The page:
9 Tips for Supervising Student Teachers
There may come a time in your career when you are asked to supervise a student teacher for a quarter, semester, or even a year. Some preparation beforehand can make for a great experience for everyone involved.
1. Tour the building, make introductions
Take the time to introduce your student teacher to important people in the building such as the principal, custodian, office staff, health room assistant, and any other staff members you work with on a regular basis.They will also need a map and a tour of the building.
Show them where the workrooms are, copy machines, and where to keep their lunch. Talk about dress codes, start and end times, and how to call in sick. It may work best to have your student teacher come in after school prior to their starting date, so that you have the time to take a leisurely tour and to make introductions.
2. Introduce them to your class
Build in time for your student teacher to introduce themselves to your class. I always block off an hour of the student teacher’s first day for them to spend time talking to the class. I ask them to bring in their favorite children’s book to read to the class, as well as pictures and other things that will help the students get to know them. The kids especially love to see pictures of teachers when they were in elementary school!
3. Give them time to observe
Let your student teacher spend the first week just observing. Encourage them to take notes and jot down questions. I like to spend a few minutes at the end of each day of the first week debriefing and explaining why I do certain things and why I handled certain situations in a certain way. This gives them time to really become comfortable with the routines and your expectations.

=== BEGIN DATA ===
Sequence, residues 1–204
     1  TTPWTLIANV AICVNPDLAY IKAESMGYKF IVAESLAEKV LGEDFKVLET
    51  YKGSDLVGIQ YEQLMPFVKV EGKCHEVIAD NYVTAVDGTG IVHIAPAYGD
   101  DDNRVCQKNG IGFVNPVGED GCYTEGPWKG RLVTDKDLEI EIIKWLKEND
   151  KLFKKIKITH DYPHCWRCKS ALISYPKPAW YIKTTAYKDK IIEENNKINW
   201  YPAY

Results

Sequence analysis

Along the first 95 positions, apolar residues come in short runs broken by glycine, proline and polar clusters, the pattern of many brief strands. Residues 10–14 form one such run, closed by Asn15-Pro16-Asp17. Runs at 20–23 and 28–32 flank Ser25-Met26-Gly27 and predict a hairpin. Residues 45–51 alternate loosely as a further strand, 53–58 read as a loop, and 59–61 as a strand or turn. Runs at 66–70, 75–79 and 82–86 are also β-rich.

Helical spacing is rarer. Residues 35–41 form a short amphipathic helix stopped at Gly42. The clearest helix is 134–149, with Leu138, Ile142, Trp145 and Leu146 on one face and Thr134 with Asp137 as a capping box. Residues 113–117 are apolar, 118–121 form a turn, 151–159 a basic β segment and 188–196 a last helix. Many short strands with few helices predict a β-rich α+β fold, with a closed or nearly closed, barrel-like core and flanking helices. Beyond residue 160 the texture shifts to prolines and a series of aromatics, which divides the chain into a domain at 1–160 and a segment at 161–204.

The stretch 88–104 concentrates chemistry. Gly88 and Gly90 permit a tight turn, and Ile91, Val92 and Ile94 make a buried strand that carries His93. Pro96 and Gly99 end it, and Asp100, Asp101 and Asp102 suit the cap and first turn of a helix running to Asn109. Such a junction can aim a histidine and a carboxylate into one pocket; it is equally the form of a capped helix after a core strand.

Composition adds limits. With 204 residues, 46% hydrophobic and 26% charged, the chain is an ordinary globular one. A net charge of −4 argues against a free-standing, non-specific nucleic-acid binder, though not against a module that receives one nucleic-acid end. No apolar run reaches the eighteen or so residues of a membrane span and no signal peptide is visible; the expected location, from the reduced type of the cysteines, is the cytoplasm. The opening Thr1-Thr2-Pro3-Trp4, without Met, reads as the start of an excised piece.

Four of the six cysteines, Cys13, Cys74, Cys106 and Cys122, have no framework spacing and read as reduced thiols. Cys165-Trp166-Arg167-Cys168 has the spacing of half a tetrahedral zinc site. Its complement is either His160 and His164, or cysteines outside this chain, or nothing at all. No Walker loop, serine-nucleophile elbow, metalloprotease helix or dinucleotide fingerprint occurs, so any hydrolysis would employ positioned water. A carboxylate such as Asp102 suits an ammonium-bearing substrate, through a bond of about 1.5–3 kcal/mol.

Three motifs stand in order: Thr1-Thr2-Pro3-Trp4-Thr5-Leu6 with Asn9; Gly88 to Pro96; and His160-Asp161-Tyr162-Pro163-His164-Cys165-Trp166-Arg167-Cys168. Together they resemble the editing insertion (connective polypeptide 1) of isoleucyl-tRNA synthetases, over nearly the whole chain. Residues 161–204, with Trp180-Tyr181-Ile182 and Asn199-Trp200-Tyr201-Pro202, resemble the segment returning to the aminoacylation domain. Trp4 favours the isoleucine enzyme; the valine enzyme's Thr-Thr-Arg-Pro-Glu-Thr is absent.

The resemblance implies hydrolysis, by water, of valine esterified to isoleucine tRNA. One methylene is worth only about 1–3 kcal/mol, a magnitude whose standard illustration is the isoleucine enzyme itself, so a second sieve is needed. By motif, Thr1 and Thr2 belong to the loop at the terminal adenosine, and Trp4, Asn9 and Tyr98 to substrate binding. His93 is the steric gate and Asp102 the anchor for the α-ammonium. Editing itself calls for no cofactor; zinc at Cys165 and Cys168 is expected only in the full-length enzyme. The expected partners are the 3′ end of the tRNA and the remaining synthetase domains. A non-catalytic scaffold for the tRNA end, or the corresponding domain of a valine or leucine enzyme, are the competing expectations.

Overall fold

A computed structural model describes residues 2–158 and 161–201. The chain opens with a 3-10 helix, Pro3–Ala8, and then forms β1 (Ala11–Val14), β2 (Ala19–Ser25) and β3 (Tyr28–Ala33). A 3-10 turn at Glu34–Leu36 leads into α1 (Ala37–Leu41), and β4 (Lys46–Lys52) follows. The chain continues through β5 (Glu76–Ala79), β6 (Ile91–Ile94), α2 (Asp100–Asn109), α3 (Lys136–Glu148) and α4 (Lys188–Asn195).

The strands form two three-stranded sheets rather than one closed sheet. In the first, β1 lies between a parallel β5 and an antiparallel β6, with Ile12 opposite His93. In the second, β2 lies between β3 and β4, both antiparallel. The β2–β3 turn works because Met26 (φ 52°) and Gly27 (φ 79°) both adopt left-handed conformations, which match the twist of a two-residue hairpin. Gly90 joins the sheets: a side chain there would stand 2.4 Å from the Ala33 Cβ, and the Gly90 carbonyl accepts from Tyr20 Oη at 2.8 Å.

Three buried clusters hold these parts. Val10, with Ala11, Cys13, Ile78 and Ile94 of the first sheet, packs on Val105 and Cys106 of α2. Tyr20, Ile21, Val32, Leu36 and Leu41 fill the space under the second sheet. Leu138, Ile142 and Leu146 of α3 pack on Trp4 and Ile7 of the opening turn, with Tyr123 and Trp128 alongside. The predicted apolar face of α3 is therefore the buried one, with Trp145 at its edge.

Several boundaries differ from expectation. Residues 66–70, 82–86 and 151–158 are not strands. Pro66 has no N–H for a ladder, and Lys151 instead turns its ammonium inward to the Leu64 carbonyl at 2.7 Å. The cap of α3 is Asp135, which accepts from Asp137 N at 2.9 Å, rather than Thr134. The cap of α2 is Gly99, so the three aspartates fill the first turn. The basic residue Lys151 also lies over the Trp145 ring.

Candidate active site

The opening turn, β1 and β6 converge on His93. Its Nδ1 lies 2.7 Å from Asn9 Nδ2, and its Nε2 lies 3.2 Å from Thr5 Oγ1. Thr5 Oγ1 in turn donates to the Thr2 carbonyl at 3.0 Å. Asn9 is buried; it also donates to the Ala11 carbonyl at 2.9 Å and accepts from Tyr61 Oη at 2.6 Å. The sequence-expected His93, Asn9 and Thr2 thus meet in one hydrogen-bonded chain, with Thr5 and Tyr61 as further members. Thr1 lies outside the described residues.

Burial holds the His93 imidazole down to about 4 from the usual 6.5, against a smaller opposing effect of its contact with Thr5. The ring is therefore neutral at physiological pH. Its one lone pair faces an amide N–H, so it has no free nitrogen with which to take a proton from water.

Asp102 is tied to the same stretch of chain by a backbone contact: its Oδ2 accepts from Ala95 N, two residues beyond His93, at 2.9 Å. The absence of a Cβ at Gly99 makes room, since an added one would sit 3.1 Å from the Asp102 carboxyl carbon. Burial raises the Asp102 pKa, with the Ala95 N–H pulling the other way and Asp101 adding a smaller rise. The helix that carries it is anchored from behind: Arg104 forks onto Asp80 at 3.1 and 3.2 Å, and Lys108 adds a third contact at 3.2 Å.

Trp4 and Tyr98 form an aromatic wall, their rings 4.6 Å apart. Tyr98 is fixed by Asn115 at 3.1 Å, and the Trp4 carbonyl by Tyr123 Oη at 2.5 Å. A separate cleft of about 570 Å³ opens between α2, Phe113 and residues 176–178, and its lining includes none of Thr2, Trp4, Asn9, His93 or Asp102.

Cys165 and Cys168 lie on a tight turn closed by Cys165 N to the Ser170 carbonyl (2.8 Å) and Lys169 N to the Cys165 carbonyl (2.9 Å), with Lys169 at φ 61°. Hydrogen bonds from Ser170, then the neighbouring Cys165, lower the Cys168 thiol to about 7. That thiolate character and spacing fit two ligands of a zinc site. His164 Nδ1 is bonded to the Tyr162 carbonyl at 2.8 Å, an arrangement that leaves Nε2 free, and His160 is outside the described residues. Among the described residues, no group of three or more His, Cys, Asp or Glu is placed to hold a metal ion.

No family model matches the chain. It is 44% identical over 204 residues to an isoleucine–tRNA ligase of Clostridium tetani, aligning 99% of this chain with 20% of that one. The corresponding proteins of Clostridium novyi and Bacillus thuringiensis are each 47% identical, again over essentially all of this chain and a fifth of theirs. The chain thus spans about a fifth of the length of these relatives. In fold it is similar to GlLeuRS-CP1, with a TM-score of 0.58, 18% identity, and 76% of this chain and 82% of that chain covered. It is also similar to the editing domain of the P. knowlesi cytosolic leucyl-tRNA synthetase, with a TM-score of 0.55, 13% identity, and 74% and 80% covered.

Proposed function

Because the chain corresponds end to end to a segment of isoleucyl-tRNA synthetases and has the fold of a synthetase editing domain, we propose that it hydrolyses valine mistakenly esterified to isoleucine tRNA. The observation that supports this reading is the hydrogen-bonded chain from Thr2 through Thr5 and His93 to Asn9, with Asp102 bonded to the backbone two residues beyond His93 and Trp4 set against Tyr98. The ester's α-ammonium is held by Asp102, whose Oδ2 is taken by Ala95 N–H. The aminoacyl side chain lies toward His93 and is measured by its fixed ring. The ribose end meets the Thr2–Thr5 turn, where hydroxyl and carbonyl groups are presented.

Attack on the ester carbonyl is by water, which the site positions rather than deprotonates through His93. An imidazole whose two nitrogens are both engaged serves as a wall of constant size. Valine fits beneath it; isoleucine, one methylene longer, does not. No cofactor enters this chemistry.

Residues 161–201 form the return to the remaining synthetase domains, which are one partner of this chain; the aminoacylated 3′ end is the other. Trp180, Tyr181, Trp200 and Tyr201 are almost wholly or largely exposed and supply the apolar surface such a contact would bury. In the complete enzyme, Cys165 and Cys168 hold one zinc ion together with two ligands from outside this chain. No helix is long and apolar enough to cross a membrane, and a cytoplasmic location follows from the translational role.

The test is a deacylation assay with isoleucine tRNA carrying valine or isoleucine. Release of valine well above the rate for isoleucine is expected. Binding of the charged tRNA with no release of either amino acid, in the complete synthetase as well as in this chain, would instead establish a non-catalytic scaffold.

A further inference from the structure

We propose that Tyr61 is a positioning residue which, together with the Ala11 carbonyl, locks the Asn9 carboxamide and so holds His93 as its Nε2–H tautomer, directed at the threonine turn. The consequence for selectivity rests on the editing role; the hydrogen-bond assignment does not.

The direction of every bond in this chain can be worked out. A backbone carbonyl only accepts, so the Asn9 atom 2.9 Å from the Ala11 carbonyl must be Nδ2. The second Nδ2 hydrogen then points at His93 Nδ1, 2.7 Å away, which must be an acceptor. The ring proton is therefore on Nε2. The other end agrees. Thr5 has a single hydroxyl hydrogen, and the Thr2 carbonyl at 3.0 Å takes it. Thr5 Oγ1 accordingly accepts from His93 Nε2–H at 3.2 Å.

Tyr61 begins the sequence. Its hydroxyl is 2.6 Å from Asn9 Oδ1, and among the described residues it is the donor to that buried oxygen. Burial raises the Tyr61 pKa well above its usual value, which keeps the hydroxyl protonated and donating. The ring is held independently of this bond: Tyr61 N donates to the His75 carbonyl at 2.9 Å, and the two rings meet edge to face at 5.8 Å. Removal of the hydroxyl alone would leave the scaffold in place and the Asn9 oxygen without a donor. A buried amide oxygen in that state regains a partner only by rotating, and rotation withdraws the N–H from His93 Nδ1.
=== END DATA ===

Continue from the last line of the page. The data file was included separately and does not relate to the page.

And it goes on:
4. Start with small teaching sessions
When your student teacher starts taking on actual teaching, start with something manageable and easy to understand. This could be a read aloud, math fact practice, or even working with a small group. When they feel successful at something small, they will be ready to tackle something a little bigger.
5. Be a good role model
Be a good model throughout the day. There will be times when you will want to complain about a student, a parent, or even another staff member. Don’t forget that you are the supervisor and you are modeling what it looks like to be a quality educator. This includes things like not favoring certain students, being polite to office staff and custodial staff, and being engaged and professional in staff and parent meetings.
6. Get involved in activities outside of the classroom
Encourage them to get involved outside of the classroom, although you may want to do this together at first so that they feel comfortable. This is a great way to network and get to know kids and families. This could be assisting with a club, a fund raiser, or a school dance. Principals definitely notice when a student teacher goes the extra mile outside of the school day.
7. Highlight their strengths
If you are lucky enough to work with a student teacher who is a great artist, a whiz at technology, or even knows how to play guitar, find a way to build that into your days. The kids love it, and it is always great to showcase something you are good at. Not only will it make lessons more engaging, but it helps to build rapport and confidence.
8. Be patient and consistent in classroom management
Don’t expect expert classroom management. Remember how hard it was as a new teacher? This is one of the most difficult things to learn. Although a supervising teacher can teach strategies and techniques, it really is something you develop as you gain more experience.
9. Have a sense of humor
Teaching is hard work, and as a new teacher, it can be very overwhelming. Sometimes the only way we get through the day is by sitting back and laughing. We all remember the best teachers were usually the ones who could laugh and relax. There are a lot of funny things that happen in a classroom on a daily basis, take the time to enjoy it.
This piece was originally submitted to our community forums by a reader. Due to audience interest, we’ve preserved it. The opinions expressed here are the writer’s own.